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Friday August 12th

Editorial: Terry Magnuson's plagiarism starts conversation about academic integrity

DTH Photo Illustration. UNC's former Vice Chancellor for Research Terry Magnuson resigned on March 10 after admitting to plagiarism on a grant application, but how does this latest controversy fit into a broader conversation around academic dishonesty?
Buy Photos DTH Photo Illustration. UNC's former Vice Chancellor for Research Terry Magnuson resigned on March 10 after admitting to plagiarism on a grant application, but how does this latest controversy fit into a broader conversation around academic dishonesty?

In the latest public controversy to come out UNC over the past few years, former Vice Chancellor for Research Terry Magnuson resigned on March 10 after admitting to plagiarism on a grant application. 

Magnuson’s case magnified the ongoing issue surrounding academic integrity, not only at UNC, but academia in general – an issue that has been exasperated by nearly two years of virtual education.

Let’s admit it, most of us have not gone untouched by academic dishonesty at one point or another in our schooling career, whether that be in our K-12 experience or in higher education.

While we might be ashamed and reluctant to acknowledge any wrongdoing, studies have shown that cheating is pretty widespread in academia. Between 75 and 98 percent of college students admitted to cheating at some point in their academic careers, according to data from Best Accredited Colleges. 

And in a digital age where resources like Chegg, Course Hero, Quizlet and StackOverflow can make it easy to look up answers or get explanations for problems that we otherwise would be lost in, it can be hard to not use them.

Throughout the reign of "Zoom University," it was even more difficult for professors to monitor what their students were actually doing behind their computer screens. Short of using a lockdown browser, professors could only hope that students would stick to the honor code and not use online resources.

But taking the easy way out is just too enticing, especially for very difficult classes where heavily weighted exam or assignment grades can make or break your grade and your GPA.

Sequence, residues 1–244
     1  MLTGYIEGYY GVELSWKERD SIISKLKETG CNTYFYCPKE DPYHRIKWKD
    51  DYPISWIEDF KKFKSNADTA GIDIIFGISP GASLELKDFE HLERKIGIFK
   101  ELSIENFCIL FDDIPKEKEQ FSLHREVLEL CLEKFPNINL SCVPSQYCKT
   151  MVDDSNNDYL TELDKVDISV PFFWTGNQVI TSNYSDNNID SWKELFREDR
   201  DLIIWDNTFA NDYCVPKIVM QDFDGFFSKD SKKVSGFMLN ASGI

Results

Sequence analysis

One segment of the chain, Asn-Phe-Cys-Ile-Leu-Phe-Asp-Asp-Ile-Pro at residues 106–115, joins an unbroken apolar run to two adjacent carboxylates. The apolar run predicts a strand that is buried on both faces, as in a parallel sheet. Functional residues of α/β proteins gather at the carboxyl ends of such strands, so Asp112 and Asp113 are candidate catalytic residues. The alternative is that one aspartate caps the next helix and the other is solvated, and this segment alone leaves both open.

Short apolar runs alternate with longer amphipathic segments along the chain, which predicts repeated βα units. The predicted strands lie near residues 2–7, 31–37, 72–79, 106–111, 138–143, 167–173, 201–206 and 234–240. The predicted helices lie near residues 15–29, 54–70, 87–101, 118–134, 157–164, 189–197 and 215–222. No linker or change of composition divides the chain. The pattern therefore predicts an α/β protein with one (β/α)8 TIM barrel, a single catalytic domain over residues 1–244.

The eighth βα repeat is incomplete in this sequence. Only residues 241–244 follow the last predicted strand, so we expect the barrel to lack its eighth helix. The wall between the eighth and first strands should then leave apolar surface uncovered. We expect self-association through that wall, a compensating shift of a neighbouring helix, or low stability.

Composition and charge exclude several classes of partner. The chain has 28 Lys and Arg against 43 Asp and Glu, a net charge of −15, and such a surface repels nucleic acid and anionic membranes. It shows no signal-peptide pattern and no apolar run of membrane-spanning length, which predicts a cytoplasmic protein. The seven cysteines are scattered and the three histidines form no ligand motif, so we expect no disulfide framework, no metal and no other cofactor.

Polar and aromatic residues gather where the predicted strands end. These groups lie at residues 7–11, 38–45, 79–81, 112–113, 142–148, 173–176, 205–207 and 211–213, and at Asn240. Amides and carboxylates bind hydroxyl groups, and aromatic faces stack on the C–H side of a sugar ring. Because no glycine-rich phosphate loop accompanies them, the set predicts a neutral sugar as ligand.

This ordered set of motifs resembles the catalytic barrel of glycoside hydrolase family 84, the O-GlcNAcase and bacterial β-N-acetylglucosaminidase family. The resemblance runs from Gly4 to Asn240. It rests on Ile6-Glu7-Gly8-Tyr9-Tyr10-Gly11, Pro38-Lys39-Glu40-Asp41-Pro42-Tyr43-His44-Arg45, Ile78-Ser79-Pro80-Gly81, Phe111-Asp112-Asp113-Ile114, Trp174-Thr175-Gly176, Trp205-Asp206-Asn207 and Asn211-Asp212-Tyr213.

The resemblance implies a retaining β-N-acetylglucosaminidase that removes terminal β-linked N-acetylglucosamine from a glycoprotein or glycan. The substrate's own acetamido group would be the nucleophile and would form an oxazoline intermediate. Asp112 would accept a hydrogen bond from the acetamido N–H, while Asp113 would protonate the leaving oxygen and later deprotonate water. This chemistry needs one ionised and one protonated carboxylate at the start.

And Magnuson shows this issue isn’t limited to students either.

Indeed, while many professors are reluctant to confess to any misdoings, there are numerous stories of professors who have anonymously admitted to cheating during their academic careers. 

Therefore, it can lead to some students questioning how professors and TAs can get on them for cheating when they themselves have probably done the same in the past. In Magnuson’s case, the effect is worse as he was such a high-ranking person in the administration. 

However, just as a student would be punished for academic dishonesty, Magnuson was also punished in a manner that was arguably more severe. In addition to losing his prestigious role at UNC, his reputation has been tarnished and will probably have a very difficult time finding another position in academia for a while.

This episode serves as a warning for students by reminding them that no matter how far removed we might be from college in the future – shady things from our past always have a chance to resurface. The effect of which is particularly severe for those who are looking to work in industries that tend to have a high public profile such as academia or politics.

In an ideal world, we would all avoid academic dishonesty and be the model students that our parents, school and society want us to be. But in the real world, it can be a tough ask, especially if you’re in a class where the professor is seemingly inept at teaching and face the pressure of maintaining a good GPA.

Magnuson’s departure shouldn’t be treated as just a one-off event, rather, it might signal the start of a long and difficult conversation on maintaining and enforcing academic integrity.

@dthopinion

opinion@dailytarheel.com

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